:"For the kibbutz, see Gezer, Israel; For the Arab village, see Abu Shusha; for the regional council see Gezer Regional Council"

Gezer ( _he. גזר) was a town in ancient Israel. Scholars believe that Gezer is Tel Gezer (also known as Tell el-Jezer or Abu Shusheh), a site around midway on the route between Jerusalem and Tel Aviv. Today the site is a national park in modern Israel.


Gezer was located on the northern fringe of the Shephelah, approximately thirty kilometres west of Jerusalem. It was strategically situated at the junction of the international coastal highway and the highway connecting it with Jerusalem through the valley of Ajalon. The view from Gezer encompassed the whole Coastal Plain below it, making it a strategic military center. Verification of the identification of this site with Biblical Gezer comes from Hebrew inscriptions found engraved on rocks, several hundred meters from the tel. These inscriptions from the 1st century BCE read "boundary of Gezer."


Gezer is mentioned in connection with the conquest of the land under the leadership of Joshua (Joshua 10:33, 12:12), and was home to the Levites. It was noted to be under Philistine rule as David is said to have broken their rulership "from Geba to as far as to Gezer". It was the last point to which he pursued the Philistines (2 Sam. 5:25; 1 Chr. 14:16) after the battle of Baal-perazim. Later the Bible claims that Pharaoh of Egypt destroyed it (see Sack of Gezer) and gave it as a dowry to Solomon's wife.

Gezer is mentioned in Egyptian records, such as the writings of Thutmose III as well as the letters of Amarna, the Amarna Letters; and Pharaoh Merneptah boasted that he "seized Gezer". Amarna letters Gezer-(named "Gazru", not Gaza, named "Hazzatu") was ruled by 4 'mayors' during the 20 year Amarna letters period, 1350 BC. Archaeological excavation at Gezer has been going on since the early 1900s, and it has become one of the most excavated sites in Israel.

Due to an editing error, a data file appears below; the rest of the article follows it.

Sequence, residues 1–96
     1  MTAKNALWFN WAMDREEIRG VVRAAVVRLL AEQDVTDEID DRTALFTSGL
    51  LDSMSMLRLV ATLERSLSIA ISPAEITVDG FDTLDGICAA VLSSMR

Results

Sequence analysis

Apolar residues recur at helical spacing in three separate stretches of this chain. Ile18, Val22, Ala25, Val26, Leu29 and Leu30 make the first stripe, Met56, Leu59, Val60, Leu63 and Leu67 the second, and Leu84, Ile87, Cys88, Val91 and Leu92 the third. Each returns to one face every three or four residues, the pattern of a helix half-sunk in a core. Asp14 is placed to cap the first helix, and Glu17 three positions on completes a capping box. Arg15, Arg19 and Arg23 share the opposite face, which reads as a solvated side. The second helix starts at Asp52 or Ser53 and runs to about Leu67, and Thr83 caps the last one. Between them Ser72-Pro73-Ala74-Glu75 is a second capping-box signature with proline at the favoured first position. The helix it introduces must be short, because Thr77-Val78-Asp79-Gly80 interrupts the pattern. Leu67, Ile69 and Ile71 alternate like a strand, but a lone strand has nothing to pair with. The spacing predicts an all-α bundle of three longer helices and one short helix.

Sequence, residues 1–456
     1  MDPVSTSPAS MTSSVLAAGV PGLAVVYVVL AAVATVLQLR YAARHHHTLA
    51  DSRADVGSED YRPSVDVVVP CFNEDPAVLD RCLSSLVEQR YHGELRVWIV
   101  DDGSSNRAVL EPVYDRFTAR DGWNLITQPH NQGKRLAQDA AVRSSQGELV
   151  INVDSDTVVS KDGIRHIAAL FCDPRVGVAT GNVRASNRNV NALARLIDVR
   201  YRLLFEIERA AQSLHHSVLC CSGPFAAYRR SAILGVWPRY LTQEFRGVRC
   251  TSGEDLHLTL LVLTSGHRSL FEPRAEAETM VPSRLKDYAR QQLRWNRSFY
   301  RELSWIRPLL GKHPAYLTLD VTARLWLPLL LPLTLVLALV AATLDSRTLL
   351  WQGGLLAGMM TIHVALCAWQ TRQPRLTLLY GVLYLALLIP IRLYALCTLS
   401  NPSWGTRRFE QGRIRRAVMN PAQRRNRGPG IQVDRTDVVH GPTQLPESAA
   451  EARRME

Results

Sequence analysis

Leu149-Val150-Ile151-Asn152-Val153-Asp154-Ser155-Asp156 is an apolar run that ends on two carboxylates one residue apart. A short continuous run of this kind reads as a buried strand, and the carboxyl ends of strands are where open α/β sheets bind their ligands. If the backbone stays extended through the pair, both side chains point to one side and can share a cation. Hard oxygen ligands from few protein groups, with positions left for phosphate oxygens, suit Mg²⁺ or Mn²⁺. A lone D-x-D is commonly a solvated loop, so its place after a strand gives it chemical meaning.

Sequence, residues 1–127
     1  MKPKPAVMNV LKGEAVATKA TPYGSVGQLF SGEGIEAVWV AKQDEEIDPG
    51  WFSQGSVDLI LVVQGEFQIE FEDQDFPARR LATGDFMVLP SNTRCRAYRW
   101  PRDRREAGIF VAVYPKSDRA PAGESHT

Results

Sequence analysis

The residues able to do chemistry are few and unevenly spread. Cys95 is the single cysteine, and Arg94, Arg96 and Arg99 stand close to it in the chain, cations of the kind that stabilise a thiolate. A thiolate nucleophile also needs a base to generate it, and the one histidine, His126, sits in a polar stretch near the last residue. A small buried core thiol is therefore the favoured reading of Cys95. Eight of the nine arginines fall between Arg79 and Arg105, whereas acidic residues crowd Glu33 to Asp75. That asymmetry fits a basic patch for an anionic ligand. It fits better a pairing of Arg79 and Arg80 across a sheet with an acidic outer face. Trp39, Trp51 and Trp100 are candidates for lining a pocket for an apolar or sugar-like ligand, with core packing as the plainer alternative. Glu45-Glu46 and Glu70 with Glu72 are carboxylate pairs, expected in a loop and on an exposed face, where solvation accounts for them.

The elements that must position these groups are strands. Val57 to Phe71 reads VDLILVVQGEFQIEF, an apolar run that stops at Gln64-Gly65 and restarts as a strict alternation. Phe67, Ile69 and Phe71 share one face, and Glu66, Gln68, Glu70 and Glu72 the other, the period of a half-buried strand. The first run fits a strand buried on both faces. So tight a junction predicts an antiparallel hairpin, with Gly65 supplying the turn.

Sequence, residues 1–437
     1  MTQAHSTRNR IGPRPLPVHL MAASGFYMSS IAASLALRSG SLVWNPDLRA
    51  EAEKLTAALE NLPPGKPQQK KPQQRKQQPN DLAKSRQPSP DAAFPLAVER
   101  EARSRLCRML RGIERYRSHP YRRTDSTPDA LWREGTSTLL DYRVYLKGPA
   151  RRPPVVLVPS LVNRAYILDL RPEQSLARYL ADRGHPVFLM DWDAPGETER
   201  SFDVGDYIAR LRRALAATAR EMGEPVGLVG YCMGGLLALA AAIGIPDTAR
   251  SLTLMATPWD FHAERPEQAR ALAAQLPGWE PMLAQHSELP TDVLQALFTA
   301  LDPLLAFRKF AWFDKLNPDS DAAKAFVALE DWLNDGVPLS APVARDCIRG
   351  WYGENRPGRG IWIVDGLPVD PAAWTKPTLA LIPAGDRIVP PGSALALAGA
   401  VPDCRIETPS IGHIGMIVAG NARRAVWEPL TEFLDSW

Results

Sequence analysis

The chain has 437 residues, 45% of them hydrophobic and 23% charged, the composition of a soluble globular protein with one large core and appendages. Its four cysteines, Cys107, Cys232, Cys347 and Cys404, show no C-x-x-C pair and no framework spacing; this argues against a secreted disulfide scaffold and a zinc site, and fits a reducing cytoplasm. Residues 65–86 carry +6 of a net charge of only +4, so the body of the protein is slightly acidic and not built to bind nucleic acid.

In the modern era, the site was discovered by Charles Simon Clermont-Ganneau in 1871. R. A. Stewart Macalister dug in the site between 1902 and 1907 on behalf of the "Palestine Exploration Fund". Macalister recovered several artifacts discovered several constructions and defenses. He also established Gezer's habitation strata, though they were later found to be mostly incorrect (as well as many of his theories). Other notable archælogical expeditions to the site were made by Alan Rowe (1934), G.E. Wright (1964-5, at the head of the Hebrew Union College expedition), William Dever, Yigael Yadin, as well as the Andrews University.


One of the best-known findings is the Gezer calendar. This is a plaque containing a text appearing to be either a schoolboy's memory exercises, or something designated for the collection of taxes from farmers. Another possibility is that the text was a popular folk song, or child's song, listing the months of the year according to the agricultural seasons. It has proved to be of value by informing modern researchers of ancient Middle Eastern script and language, as well as the agricultural seasons.

Other interesting discoveries at the site related to Biblical archaeology:
*10 monumental megaliths possibly comprising a Canaanite "high place"
*9 inscribed boundary stones, making it the first positively identified Biblical city
*6-chambered gate similar to those found at Hazor and Megiddo

The excavations at Gezer from 1964-1974 were the first to grant academic/college credit to student excavators (now a common practice).

Excavations were renewed in June 2006 by a consortium of institutions under the direction of Steve Ortiz (Southwestern Baptist Theological Seminary) and Sam Wolff (Israel Antiquities Authority). The Tel Gezer Excavation and Publication Project is a multi-disciplinary field project investigating the Iron Age history of the ancient biblical city of Tel Gezer.


External links

* [ Tel Gezer Excavation and Publication Project]

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